Internet Shakespeare Editions

Author: William Shakespeare
Not Peer Reviewed

Henry VI, Part 3 (Folio 1, 1623)


Alarum. Excursions. Enter Warwicke.
War. Fore-spent with Toile, as Runners with a Race,
I lay me downe a little while to breath:
For strokes receiu'd, and many blowes repaid,
1060Haue robb'd my strong knit sinewes of their strength,
And spight of spight, needs must I rest a-while.
Enter Edward running.
Ed. Smile gentle heauen, or strike vngentle death,
For this world frownes, and Edwards Sunne is clowded.
1065 War. How now my Lord, what happe? what hope of
good?
Enter Clarence.
Cla. Our hap is losse, our hope but sad dispaire,
Our rankes are broke, and ruine followes vs.
1070What counsaile giue you? whether shall we flye?
Ed. Bootlesse is flight, they follow vs with Wings,
And weake we are, and cannot shun pursuite.
Enter Richard.
Rich. Ah Warwicke, why hast yu withdrawn thy selfe?
1075Thy Brothers blood the thirsty earth hath drunk,
Broach'd with the Steely point of Cliffords Launce:
And in the very pangs of death, he cryde,
Like to a dismall Clangor heard from farre,
Warwicke, reuenge; Brother, reuenge my death.
1080So vnderneath the belly of their Steeds,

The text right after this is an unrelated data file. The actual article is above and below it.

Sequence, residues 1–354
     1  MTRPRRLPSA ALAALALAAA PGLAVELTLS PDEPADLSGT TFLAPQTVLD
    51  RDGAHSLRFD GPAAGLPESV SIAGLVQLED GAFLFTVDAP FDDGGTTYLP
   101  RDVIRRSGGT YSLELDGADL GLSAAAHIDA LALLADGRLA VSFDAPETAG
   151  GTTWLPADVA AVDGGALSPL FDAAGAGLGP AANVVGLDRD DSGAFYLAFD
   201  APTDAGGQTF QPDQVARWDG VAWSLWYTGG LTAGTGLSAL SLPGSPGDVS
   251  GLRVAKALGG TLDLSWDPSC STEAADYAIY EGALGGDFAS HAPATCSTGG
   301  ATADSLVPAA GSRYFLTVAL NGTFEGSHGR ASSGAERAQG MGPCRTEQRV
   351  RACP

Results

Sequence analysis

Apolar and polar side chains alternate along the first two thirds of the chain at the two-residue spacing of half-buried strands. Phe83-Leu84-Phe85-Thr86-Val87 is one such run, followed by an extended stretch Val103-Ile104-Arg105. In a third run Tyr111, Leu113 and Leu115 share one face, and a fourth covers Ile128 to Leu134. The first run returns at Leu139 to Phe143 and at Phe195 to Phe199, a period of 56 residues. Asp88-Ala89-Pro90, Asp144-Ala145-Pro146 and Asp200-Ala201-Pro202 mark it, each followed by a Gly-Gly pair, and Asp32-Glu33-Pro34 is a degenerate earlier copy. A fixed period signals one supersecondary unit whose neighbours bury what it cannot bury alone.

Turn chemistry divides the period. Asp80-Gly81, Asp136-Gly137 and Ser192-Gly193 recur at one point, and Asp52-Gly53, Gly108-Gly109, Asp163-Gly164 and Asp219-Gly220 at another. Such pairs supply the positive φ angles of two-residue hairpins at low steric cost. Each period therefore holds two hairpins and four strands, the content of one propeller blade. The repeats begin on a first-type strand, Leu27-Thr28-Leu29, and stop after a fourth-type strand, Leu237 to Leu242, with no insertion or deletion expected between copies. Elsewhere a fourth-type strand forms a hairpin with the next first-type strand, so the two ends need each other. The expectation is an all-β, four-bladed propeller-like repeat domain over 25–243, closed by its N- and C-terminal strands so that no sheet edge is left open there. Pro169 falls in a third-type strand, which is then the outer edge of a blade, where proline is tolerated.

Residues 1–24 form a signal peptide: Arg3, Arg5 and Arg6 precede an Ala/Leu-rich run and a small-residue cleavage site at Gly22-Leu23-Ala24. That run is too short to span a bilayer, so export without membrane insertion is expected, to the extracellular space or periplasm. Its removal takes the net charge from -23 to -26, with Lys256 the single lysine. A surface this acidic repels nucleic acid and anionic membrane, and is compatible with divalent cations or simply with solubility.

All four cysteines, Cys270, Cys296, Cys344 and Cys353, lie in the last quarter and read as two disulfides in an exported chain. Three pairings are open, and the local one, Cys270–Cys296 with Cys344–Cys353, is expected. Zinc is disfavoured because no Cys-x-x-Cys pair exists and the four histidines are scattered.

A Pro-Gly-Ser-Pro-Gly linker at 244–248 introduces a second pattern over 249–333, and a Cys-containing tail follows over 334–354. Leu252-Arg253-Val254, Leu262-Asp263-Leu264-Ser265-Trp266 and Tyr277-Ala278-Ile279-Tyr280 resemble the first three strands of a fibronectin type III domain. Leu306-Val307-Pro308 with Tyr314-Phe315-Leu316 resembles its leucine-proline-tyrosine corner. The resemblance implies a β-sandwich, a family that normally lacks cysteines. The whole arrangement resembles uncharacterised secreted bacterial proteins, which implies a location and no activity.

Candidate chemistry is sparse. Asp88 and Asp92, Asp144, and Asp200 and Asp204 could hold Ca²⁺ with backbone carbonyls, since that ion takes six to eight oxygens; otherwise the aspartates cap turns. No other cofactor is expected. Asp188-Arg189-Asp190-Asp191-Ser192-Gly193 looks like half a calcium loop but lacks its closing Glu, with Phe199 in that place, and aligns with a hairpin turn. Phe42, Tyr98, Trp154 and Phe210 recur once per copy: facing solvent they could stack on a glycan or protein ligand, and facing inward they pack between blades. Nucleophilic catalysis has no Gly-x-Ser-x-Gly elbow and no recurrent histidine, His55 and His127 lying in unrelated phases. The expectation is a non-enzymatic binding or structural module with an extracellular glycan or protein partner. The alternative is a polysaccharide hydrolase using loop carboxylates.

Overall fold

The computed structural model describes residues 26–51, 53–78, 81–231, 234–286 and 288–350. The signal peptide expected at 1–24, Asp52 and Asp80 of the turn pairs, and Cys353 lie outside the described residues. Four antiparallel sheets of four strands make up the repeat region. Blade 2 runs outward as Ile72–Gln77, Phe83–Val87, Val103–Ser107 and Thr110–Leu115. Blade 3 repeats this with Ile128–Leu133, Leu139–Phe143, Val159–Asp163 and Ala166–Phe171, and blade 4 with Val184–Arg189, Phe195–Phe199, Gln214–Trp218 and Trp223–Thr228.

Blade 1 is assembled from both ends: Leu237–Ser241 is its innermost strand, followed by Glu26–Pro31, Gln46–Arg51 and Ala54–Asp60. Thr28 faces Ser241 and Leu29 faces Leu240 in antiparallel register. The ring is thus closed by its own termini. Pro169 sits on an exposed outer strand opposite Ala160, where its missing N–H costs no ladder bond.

That stain'd their Fetlockes in his smoaking blood,
The Noble Gentleman gaue vp the ghost.
War. Then let the earth be drunken with our blood:
Ile kill my Horse, because I will not flye:
1085Why stand we like soft-hearted women heere,
Wayling our losses, whiles the Foe doth Rage,
And looke vpon, as if the Tragedie
Were plaid in iest, by counterfetting Actors.
Heere on my knee, I vow to God aboue,
1090Ile neuer pawse againe, neuer stand still,
Till either death hath clos'd these eyes of mine,
Or Fortune giuen me measure of Reuenge.
Ed. Oh Warwicke, I do bend my knee with thine,
And in this vow do chaine my soule to thine:
1095And ere my knee rise from the Earths cold face,
I throw my hands, mine eyes, my heart to thee,
Thou setter vp, and plucker downe of Kings:
Beseeching thee (if with thy will it stands)
That to my Foes this body must be prey,
1100Yet that thy brazen gates of heauen may ope,
And giue sweet passage to my sinfull soule.
Now Lords, take leaue vntill we meete againe,
Where ere it be, in heauen, or in earth.
Rich. Brother,
1105Giue me thy hand, and gentle Warwicke,
Let me imbrace thee in my weary armes:
I that did neuer weepe, now melt with wo,
That Winter should cut off our Spring-time so.
War. Away, away:
1110Once more sweet Lords farwell.
Cla. Yet let vs altogether to our Troopes,
And giue them leaue to flye, that will not stay:
And call them Pillars that will stand to vs:
And if we thriue, promise them such rewards
1115As Victors weare at the Olympian Games.
This may plant courage in their quailing breasts,
For yet is hope of Life and Victory:
Foreslow no longer, make we hence amaine.
Exeunt